L.A. Compost now receives food scraps weekly at farmers markets in Atwater Village, Highland Park and Silver Lake and at another drop-off point in Elysian Valley. The group's goal is to have collection points at 20 markets by the end of 2023.
With the pandemic prompting all manner of lifestyle changes, composting has been a natural beneficiary, with drop-offs jumping at all L.A. Compost-supported locations, which include compost co-ops, schools, libraries and community gardens. Total collections of food scraps by L.A. Compost reached 804,000 pounds in 2021, nearly 70% more than in 2019.
The goal of the new state law is to reprocess 75% of all green waste by 2025. That means redirecting 17.7 million tons of organic material — equivalent to the weight of more than 9.5 million cars — away from disposal.
With that kind of volume, much of the greenery will be trucked long distances to industrial-scale composting centers. Environmentalists worry that all that truck travel will expand the very carbon footprint that composting aims to reduce. L.A. Compost operates on the premise that it's best to limit truck trips as much as possible and return organics to the earth closest to where they were consumed.
"If it's a resource from that area," Martinez said, "we think it's best to return it to the earth in that same area."
On another sunny Wednesday morning not long ago, Martinez worked alongside half a dozen volunteers and L.A. Compost employees turning an expansive heap of leaves, twigs, mulch and decomposing food. The pile was one of about a dozen beneath a stand of eucalyptus trees near the merry-go-round in Griffith Park. It is just one of the organization's "regional hubs," where food scraps begin their afterlife.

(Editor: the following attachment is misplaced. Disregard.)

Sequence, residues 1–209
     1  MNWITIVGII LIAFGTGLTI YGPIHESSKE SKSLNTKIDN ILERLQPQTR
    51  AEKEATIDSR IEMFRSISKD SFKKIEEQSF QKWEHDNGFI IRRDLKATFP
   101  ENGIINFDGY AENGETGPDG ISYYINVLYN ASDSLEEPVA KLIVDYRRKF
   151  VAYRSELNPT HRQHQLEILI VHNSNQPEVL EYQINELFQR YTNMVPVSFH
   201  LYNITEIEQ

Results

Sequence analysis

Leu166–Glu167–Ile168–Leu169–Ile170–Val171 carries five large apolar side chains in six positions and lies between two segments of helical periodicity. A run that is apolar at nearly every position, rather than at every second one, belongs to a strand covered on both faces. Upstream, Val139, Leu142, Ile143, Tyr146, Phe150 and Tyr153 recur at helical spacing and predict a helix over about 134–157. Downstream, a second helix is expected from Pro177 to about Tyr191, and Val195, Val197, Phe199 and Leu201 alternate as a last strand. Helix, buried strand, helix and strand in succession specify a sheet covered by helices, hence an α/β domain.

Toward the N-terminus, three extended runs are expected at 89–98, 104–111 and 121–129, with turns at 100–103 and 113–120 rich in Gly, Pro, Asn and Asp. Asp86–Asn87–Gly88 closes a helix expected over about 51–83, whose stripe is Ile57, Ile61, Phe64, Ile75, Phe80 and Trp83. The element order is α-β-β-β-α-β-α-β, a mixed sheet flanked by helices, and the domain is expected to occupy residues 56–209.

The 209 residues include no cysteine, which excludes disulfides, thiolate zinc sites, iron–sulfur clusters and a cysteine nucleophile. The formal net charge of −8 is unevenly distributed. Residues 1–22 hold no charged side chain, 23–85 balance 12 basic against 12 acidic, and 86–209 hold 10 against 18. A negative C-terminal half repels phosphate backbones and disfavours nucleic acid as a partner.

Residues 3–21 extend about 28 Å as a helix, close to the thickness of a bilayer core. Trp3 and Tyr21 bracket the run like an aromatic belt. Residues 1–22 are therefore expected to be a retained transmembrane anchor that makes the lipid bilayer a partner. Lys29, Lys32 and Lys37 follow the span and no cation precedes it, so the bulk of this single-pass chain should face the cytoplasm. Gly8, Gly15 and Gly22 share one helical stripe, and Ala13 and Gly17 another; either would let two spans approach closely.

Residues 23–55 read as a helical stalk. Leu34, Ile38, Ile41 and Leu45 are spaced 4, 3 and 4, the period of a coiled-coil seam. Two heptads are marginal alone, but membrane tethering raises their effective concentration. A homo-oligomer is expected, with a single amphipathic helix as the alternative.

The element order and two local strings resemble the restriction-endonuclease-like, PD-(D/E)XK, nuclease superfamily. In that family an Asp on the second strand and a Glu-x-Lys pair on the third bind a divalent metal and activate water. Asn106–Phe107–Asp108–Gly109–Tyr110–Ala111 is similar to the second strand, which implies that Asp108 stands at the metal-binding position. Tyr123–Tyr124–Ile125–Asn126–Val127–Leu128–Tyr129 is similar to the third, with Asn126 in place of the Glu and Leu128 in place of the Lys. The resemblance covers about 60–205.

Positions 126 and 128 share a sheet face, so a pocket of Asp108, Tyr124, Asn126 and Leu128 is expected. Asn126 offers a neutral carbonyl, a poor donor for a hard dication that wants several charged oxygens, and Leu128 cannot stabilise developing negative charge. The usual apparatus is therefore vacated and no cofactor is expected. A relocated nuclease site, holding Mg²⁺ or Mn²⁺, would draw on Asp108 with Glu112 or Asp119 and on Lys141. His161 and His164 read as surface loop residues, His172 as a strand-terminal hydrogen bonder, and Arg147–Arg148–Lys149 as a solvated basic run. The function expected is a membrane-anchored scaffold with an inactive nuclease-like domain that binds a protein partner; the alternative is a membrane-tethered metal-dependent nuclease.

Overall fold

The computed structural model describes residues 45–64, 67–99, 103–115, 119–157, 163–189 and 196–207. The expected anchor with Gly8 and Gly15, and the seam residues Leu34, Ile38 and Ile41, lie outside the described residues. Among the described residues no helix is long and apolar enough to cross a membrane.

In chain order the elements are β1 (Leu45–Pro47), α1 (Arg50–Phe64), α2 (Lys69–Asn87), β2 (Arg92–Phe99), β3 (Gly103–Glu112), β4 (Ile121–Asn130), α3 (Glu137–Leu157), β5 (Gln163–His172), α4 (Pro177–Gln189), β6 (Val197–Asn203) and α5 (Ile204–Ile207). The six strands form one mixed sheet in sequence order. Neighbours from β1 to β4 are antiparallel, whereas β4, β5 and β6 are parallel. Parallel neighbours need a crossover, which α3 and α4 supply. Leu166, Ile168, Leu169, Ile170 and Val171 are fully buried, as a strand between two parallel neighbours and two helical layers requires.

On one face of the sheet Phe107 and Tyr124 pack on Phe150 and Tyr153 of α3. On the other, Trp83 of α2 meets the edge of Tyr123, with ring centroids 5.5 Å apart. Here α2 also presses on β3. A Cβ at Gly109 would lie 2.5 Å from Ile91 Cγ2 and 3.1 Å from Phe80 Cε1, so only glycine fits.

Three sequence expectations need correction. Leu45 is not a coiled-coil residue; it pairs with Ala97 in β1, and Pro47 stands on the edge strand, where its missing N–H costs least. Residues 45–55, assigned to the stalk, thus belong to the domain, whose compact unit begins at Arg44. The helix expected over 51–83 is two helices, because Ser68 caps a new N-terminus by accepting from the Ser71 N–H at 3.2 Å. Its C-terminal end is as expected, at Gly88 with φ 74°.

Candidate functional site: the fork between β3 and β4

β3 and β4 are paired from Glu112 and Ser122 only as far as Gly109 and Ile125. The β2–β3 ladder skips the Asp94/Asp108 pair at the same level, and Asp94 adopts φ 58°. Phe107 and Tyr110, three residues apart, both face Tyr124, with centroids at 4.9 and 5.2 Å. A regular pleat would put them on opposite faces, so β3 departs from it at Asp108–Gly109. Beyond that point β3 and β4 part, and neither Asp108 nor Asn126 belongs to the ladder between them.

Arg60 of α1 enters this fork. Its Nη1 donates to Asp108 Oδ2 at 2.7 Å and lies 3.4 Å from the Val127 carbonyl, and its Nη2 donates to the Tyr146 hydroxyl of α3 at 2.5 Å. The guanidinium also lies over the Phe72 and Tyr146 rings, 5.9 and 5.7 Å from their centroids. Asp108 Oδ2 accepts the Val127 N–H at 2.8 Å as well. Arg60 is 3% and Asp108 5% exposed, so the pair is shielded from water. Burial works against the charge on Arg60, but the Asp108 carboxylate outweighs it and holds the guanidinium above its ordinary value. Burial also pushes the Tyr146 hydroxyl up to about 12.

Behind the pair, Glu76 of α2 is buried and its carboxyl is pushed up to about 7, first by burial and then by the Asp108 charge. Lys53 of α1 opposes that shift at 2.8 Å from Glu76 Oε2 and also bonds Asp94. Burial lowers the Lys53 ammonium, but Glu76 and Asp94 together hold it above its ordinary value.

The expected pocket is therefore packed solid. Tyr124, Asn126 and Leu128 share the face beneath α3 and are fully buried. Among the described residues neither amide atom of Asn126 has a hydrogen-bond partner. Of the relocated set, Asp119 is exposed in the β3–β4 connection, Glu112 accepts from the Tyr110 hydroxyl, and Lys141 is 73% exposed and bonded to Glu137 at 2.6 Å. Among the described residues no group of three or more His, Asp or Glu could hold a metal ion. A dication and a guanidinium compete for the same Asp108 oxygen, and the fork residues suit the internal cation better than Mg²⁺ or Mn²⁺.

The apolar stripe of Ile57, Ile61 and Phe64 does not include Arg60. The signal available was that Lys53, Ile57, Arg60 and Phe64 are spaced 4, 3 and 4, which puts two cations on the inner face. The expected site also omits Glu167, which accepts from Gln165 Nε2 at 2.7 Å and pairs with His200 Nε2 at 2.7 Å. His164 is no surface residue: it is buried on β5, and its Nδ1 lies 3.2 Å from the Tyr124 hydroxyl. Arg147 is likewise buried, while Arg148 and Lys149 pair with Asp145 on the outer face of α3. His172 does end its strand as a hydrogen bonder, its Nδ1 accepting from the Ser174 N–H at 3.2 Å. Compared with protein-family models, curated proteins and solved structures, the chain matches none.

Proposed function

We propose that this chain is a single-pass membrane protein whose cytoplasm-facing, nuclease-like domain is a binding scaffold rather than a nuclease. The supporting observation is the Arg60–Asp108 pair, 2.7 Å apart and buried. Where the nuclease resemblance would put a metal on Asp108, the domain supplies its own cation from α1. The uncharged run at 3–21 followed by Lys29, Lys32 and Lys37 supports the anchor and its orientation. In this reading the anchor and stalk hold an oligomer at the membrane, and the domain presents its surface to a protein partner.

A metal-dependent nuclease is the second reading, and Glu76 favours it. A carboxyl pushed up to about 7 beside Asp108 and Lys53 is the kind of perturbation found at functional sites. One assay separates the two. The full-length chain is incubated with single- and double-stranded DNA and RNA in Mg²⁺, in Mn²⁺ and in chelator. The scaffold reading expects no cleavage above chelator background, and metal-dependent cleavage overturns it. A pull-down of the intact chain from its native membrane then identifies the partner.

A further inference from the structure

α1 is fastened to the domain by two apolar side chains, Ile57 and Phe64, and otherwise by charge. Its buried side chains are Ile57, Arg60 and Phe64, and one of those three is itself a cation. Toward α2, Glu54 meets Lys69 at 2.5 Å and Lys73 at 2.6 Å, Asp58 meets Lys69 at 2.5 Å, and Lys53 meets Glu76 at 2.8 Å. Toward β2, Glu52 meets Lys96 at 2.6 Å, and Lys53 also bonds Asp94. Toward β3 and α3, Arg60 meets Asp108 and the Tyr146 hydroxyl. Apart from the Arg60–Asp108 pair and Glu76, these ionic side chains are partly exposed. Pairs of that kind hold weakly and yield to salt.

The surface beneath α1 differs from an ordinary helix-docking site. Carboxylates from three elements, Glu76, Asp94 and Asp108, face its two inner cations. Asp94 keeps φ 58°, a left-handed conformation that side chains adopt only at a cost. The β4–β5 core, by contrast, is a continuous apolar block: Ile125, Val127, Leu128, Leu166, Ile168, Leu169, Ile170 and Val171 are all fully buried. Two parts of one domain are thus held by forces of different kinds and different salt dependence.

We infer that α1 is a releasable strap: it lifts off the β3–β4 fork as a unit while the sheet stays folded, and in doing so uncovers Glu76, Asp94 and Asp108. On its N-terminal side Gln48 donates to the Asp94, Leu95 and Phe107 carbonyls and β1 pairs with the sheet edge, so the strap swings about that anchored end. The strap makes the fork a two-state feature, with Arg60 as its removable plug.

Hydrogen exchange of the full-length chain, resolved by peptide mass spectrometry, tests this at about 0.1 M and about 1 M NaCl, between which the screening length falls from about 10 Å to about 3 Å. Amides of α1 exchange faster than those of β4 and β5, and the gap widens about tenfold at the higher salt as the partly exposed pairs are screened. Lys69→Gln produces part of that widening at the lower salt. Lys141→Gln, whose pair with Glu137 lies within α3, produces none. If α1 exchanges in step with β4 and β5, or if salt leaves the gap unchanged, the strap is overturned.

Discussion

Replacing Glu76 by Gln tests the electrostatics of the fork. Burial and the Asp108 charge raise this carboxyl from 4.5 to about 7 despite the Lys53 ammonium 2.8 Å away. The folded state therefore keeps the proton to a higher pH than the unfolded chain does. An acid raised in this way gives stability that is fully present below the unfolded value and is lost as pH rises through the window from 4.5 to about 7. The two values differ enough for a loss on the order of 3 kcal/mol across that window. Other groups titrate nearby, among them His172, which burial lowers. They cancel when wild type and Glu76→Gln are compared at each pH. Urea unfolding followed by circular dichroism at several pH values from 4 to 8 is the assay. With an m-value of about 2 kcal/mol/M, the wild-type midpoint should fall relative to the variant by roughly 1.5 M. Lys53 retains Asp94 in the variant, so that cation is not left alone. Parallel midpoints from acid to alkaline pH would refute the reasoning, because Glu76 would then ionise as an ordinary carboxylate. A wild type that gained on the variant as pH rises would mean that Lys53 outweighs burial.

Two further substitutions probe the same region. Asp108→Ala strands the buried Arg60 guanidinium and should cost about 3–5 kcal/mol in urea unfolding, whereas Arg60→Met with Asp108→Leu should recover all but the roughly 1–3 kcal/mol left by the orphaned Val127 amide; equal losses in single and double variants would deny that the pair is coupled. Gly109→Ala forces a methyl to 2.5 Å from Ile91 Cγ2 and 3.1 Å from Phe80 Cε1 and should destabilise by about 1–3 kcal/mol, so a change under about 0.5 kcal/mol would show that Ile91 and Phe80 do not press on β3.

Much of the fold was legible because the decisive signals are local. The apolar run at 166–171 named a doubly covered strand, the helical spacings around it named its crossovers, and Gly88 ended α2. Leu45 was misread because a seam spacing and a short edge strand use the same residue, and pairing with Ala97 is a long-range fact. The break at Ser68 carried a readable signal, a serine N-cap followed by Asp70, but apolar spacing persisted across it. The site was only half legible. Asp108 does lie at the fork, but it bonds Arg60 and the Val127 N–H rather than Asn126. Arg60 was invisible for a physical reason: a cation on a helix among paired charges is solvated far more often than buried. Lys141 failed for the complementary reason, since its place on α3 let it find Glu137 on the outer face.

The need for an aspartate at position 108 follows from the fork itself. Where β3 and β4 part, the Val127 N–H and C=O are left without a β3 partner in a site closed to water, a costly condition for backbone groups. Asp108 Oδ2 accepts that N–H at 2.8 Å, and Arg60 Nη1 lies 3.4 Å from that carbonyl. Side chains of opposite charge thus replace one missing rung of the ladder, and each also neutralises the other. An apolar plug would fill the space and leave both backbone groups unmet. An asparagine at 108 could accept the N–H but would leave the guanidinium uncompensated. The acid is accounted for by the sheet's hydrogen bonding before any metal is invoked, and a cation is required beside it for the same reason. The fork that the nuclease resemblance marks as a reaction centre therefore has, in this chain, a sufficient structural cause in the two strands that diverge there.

Young men and women add "lasagna layers" of varying types of organic material for nutrient balance. Regular turning infuses oxygen, and water provides moisture. Those components create the ideal environment for microorganisms to thrive, speeding decomposition. Just three or four months later, the recipe produces nutrient-rich compost.
Cultures that remain close to the land understand the process so intuitively that they scarcely use a word for "compost," said Martinez, 34. "To them, it's just a different form of earth, so the feeling is, 'We must return it to where it came from.'"
Growing up in West Covina, Martinez helped tend his family's vegetable garden and a compost pile. And his dad, who worked as an upholsterer, routinely recycled fabric.
"Now, most of us have been conditioned to see a piece of glass or aluminum as something that has a second life, something that has value," said Martinez, who taught high school before turning to compost full time in 2012. "Not everyone has had the opportunity to see food in the same light. We want to normalize this experience, so people see it that way."
L.A. Compost operates on a decentralized, non-hierarchical model, giving and receiving from multiple nonprofits and businesses. It's able to add sawdust to its mix because the sustainable company Angel City Lumber contributes its detritus. The organization partnered with the L.A. Department of Recreation and Parks to open the space at Griffith Park. Cottonwood Urban Farm in Panorama City offers space for another hub, in exchange for finished compost as part of the nominal rent.
The San Fernando Valley farm — squeezed between tract homes, a church and an American Legion post — is home, in turn, to Black Thumb Farm, a nonprofit that introduces mostly working-class Black and brown teenagers to farming and "food sovereignty," taking more control over the nutrients they put into their bodies.